NORTHCOTT, Circuit Judge.
This is an action brought against the Standard Oil Company, a corporation, by S. H. Cates, Sr., father of S. H. Cates, Jr., a boy 4 years old, who was killed in a collision between a truck owned by the oil company and a Nash sedan automobile driven by one M. J. Curley, in which Nash automobile the child was, with others, a passenger. The accident occurred in Burlington, N. C., and the action was brought by Cates, Sr., as administrator. The trial was had in the District Court of the United States for the Middle District of North Carolina.
The jury answered the issues submitted to them as follows:
(1) Was the plaintiff's intestate injured and killed by the negligence of the defendant, as alleged in the complaint? Ans. Yes.
Upon this verdict of the jury the trial court entered judgment against the defendant oil company for the sum of $7,500 from which action of the court this appeal was taken.
It is urged on behalf of the appellant, who was the defendant below, and who will be referred to here as the defendant, that the trial judge should have directed a verdict for the defendant. The rule in the federal courts on this question is well settled and was discussed by this court in Anderson v. Southern Ry. Co., 20 F.2d 71:
"When the evidence given at the trial, with all inferences that the jury could justifiably draw from it, is insufficient to support a verdict for the plaintiff, so that such a verdict, if returned, must be set aside, the court is not bound to submit the case to the jury but may direct a verdict for the defendant." Delk v. St. Louis & S. F. R. Co., 220 U.S. 587, 31 S.Ct. 620, 55 L. Ed. 590.
Applying this rule, it is clear that there was ample evidence in the present case to justify its submission to the jury, and which, if believed by the jury, was sufficient to justify the jury's finding.
It is strongly contended on behalf of the defendant that the trial court erred in admitting in evidence a statement made by Curley, the driver of the Nash car, the next day after the accident. It is admitted that this evidence is properly admissible under the ruling of the Supreme Court of North Carolina, but it is argued that the rule in the federal court is different, and that the federal courts are not governed by the state rule on questions of the admissibility of evidence. This question was thoroughly discussed by this court in the case of Franklin Sugar Refining Co. v. Luray Supply Co., 6 F.2d 218, where Judge Waddill said:
"The fact that this court is bound by and should follow the decisions of the highest court of the state on the subject of the admissibility of testimony is in our opinion beyond controversy, and we are required so to do as well by statutes of the United States, * * * as by the decisions of its courts."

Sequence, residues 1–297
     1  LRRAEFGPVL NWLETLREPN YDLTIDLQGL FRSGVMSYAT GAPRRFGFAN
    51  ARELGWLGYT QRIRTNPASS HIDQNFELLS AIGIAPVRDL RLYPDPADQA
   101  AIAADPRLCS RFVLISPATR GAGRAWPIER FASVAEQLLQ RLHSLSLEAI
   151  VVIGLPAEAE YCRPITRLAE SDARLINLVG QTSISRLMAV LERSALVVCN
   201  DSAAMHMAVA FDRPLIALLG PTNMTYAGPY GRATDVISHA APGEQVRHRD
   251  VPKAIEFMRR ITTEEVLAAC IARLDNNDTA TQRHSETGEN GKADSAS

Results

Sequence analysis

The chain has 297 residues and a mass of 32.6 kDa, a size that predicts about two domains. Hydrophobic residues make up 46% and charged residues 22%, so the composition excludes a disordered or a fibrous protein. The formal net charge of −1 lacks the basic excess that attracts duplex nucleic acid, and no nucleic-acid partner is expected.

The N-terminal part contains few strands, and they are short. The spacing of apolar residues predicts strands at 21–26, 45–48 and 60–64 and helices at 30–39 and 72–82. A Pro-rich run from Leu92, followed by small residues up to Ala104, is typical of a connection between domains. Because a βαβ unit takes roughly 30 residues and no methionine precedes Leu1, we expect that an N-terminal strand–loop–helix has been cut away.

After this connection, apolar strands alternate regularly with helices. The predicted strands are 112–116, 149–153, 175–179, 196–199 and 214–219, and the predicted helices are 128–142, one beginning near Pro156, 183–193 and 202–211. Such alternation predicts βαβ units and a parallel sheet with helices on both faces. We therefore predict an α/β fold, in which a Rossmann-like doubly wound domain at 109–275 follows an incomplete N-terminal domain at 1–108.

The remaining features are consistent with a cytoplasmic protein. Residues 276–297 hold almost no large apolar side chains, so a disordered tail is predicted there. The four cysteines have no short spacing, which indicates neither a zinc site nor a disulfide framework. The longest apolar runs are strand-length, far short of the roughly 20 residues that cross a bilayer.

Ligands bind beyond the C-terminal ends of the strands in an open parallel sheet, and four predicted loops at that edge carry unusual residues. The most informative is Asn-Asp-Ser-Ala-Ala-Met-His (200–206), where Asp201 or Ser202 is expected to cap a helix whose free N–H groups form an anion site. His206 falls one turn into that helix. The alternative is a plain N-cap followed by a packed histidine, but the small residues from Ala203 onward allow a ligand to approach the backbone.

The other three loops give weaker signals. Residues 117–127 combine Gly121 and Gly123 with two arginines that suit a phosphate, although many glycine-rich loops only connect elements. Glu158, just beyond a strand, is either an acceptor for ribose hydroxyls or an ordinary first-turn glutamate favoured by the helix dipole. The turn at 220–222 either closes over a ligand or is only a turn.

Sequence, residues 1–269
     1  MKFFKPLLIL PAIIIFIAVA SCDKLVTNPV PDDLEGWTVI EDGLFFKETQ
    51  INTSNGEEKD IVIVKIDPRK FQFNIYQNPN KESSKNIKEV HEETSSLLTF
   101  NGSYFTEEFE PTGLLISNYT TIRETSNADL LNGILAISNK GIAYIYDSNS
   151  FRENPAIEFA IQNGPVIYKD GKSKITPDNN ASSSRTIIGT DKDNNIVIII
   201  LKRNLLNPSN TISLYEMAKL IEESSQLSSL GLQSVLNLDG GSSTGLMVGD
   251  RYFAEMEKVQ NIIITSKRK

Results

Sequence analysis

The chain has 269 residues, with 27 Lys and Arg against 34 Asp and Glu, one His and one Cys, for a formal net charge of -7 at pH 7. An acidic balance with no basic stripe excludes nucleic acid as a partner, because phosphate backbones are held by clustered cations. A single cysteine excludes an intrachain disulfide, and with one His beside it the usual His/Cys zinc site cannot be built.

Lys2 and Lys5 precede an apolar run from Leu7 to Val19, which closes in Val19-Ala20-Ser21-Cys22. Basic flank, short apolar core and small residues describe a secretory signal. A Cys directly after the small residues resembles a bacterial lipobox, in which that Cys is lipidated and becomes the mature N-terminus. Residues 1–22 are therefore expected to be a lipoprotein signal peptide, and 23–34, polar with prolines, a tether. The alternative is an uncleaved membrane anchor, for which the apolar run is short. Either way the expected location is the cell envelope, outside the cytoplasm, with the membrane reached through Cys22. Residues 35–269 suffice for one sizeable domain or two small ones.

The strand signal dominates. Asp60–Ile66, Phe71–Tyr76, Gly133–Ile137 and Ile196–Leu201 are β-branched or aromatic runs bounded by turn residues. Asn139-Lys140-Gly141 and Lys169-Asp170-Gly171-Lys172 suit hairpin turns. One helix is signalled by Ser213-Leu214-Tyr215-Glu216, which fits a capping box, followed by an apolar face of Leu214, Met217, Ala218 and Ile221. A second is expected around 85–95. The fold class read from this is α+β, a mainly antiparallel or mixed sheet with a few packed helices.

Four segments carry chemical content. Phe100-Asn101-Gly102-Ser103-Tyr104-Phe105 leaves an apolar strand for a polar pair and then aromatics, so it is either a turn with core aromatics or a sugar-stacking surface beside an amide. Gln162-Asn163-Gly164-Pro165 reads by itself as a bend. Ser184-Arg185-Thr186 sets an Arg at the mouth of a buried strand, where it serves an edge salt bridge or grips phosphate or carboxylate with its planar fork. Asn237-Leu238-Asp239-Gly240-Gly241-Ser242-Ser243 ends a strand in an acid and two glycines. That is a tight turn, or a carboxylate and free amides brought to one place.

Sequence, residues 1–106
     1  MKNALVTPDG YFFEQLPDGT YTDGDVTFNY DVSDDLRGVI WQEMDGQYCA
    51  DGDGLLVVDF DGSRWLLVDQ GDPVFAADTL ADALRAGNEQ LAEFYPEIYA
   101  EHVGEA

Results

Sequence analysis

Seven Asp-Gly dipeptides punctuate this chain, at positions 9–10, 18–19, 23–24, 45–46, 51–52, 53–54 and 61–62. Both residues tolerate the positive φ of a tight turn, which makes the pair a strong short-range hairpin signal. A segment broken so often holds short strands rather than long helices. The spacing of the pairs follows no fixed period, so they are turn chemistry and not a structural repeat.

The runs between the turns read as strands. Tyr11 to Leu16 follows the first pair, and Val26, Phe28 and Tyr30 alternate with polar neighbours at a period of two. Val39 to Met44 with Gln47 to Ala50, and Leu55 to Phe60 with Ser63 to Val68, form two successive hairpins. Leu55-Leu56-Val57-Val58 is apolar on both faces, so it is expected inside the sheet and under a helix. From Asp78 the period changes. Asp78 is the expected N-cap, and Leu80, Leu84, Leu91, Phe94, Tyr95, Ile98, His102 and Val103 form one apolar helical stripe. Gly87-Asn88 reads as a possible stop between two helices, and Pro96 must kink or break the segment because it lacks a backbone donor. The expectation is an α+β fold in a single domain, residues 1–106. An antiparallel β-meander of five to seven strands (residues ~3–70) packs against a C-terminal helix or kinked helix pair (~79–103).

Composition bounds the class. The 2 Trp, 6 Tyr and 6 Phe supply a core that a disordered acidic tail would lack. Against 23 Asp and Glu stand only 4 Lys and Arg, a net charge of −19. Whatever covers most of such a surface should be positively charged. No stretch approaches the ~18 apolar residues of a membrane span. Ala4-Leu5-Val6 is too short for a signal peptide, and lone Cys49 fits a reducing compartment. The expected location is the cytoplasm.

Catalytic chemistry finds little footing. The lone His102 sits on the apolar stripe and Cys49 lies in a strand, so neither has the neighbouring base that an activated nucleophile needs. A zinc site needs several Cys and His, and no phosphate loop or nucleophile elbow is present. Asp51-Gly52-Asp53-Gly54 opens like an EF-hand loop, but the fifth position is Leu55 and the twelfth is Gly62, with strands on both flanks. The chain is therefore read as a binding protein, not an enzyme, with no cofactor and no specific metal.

The court refused to grant an instruction offered by the defense to the effect that, if the accident happened at the point claimed by the defendant, they could not answer the first issue in the affirmative. Apparently the defendant endeavors to raise a question of variance between the complaint and the evidence. The effect of granting the instruction would have been that, if the jury found that the accident happened partly through the negligence of Curley and partly through the negligence of the truck driver, there should have been a verdict for the defendant. The court instructed the jury to the contrary. This instruction was undoubtedly right, because, even if Curley was partly responsible, his negligence could not be imputed to the child. The right of action grew out of the death of the child against the Standard Oil Company, if it was solely to blame, or if it was partly to blame, for the accident. Therefore the charge of the judge did substantial justice. It would have been perhaps technically more correct for the judge to have required an amendment of the complaint, so as to cover the contingency of negligence on the part of both drivers, but the failure to require such an amendment coud not have done the Standard Oil Company any harm.
It is also urged that the instructions of the judge in regard to the measure of damages, is incorrect. The verdict of the jury amounted to $7,500. The North Carolina statute makes admissible a certain mortuary table, so as to determine the longevity of the person, but these tables only begin with the age of 10 years. The defendant therefore contends that there was no evidence from which the jury could find the expectancy of the child's life, and therefore could not intelligently reach any conclusion as to the possible earning of the child, or the cost of his upkeep. We think, however, that while the statute permits the use of such table, it is not an essential piece of evidence, and the charge of the judge followed very closely rulings of the Supreme Court of North Carolina in similar cases.
An examination of the record does not disclose any prejudicial error on the part of the trial judge in the granting or the refusal to grant any of the instructions. There was no error in the trial below, and the judgment is accordingly affirmed.